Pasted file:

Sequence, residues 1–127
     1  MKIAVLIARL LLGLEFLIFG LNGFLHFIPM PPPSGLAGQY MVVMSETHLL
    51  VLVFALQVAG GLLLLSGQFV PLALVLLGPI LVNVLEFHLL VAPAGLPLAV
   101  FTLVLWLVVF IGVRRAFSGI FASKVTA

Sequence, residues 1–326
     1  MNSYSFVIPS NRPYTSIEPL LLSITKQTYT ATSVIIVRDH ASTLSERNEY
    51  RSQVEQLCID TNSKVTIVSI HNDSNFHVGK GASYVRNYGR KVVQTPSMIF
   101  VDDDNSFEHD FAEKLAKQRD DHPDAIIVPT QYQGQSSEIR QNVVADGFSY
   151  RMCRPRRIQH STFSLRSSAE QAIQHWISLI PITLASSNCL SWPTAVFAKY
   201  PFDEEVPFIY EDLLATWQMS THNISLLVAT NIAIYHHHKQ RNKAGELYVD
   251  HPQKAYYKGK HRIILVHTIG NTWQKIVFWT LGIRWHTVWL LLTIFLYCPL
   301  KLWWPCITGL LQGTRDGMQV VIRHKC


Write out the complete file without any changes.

Sequence, residues 1–127
     1  MKIAVLIARL LLGLEFLIFG LNGFLHFIPM PPPSGLAGQY MVVMSETHLL
    51  VLVFALQVAG GLLLLSGQFV PLALVLLGPI LVNVLEFHLL VAPAGLPLAV
   101  FTLVLWLVVF IGVRRAFSGI FASKVTA

Sequence, residues 1–326
     1  MNSYSFVIPS NRPYTSIEPL LLSITKQTYT ATSVIIVRDH ASTLSERNEY
    51  RSQVEQLCID TNSKVTIVSI HNDSNFHVGK GASYVRNYGR KVVQTPSMIF
   101  VDDDNSFEHD FAEKLAKQRD DHPDAIIVPT QYQGQSSEIR QNVVADGFSY
   151  RMCRPRRIQH STFSLRSSAE QAIQHWISLI PITLASSNCL SWPTAVFAKY
   201  PFDEEVPFIY EDLLATWQMS THNISLLVAT NIAIYHHHKQ RNKAGELYVD
   251  HPQKAYYKGK HRIILVHTIG NTWQKIVFWT LGIRWHTVWL LLTIFLYCPL
   301  KLWWPCITGL LQGTRDGMQV VIRHKC